Ready S.E.T. SLEEP EAT TRAIN – Recover

Are We Underemphasizing the Importance?

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By Elyse Lovett, MBS, MS
Move Nutrition Editor

Exercise is a fundamental component of a healthy lifestyle and essential for achieving health and fitness goals. The benefits of exercise have been researched and widely acknowledged for centuries in athletic performance, weight management, and overall mental well-being. Recent research has linked the benefits of exercise to other health benefit areas such as cognitive, cardiovascular, immune health, and stress and mood support. 

Optimal recovery after exercise or physical training is essential for enhanced performance, reduced injury risk, and to promoting long-term health benefits. Research has shown, time after time, that while the benefits of exercise are a cornerstone to health and fitness, the exertion and stress imposed on the body necessitate recovery strategies.  These strategies include minimizing the risk of long-term adverse events. We take a deep dive into recovery after exercise, focusing on the physiological mechanisms of recovery, the strategies that have the most benefits post-exercise, and the implications of recovery for those with active lifestyles. Do we underestimate what it takes to fully recover and whether we have actually ever achieved that state? 


The Importance of Muscle Recovery After Exercise

Adequate muscle recovery time allows the body to facilitate muscle repair and growth, replenish energy stores, and repair damaged tissues. Exercise triggers muscle protein synthesis (MPS) which is the metabolic process that describes amino acid incorporation into bound muscle protein over a given period of time. This highly regulated process, where the body repairs and builds muscle proteins, occurs in response to muscle damage, exercise, and dietary protein intake especially during resistance training or high-intensity workouts. This process leads to muscle growth strength gains and improved performance.

Muscle recovery also involves inflammation and immune response as well as blood flow and oxygen delivery for individuals to perform at their best. Exercise-induced muscle damage could lead to inflammation and the activation of the immune system.  While acute inflammation after exercise is a natural part of the natural healing process, chronic inflammation can impede recovery. Adequate blood flow is essential for delivering nutrients and oxygen and removing waste products from muscles.  This is vital for repair and growth during the recovery phase.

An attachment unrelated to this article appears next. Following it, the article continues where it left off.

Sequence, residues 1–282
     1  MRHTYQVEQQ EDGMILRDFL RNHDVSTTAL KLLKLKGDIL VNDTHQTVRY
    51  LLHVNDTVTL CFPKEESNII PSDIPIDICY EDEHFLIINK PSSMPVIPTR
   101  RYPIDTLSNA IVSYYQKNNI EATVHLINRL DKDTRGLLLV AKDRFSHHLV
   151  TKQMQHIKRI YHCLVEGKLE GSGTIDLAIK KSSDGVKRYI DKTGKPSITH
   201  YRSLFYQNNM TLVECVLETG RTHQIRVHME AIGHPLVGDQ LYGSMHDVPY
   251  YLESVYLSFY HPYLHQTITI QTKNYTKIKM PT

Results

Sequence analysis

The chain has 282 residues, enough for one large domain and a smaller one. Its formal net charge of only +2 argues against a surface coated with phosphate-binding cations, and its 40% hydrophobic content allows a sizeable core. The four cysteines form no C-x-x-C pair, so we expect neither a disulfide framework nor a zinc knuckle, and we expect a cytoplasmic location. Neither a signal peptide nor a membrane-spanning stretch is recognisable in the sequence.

Since the repair process occurs during the recovery phase, particularly during sleep and rest, without sufficient recovery, muscle repair can be impeded leading to delayed progress or even overuse injuries. Sleep or the lack of sleep should be stressed as a contributing factor and plays an important role in the process of exercise or injury.  Lack of sleep damages muscle physiology and impairs muscle recovery because of increased stimulation of protein degradation which is harmful to protein synthesis and promotes muscular atrophy.1,2. Adequate rest and recovery periods allow muscles to repair and grow ultimately leading to improved strength, endurance, and muscle size. 

Maximizing performance capacity, especially performance in athletes, includes not only training but also depends on the optimal balance between training and recovery to prevent stresses induced by the intensity of the load3. Changes in muscle damage indicators such as creatine kinase (CK) and inflammatory biomarkers such as C-reactive protein (CRP) and interleukin-6 (IL-6) that are associated with delated onset muscle soreness (DOMS) can be used to achieve skeletal muscle recovery.4 

The delayed onset of muscle soreness after an intense workout is a common experience that typically peaks 24-48 hours after a workout.  As we know, it can be quite uncomfortable and makes simple tasks such as picking items off the floor or walking down a flight of stairs seem fully impossible. While soreness is a natural response to exercise-induced muscle damage, proper recovery measures can be put in place to reduce the severity and the duration of it. A 2018 meta-analysis looking specifically at DOMS found massage to be the most powerful procedure that induced benefits in DOMS and perceived fatigue.  In addition, the use of compression garments and immersion induced a positive impact on some variables but with a less pronounced effect.5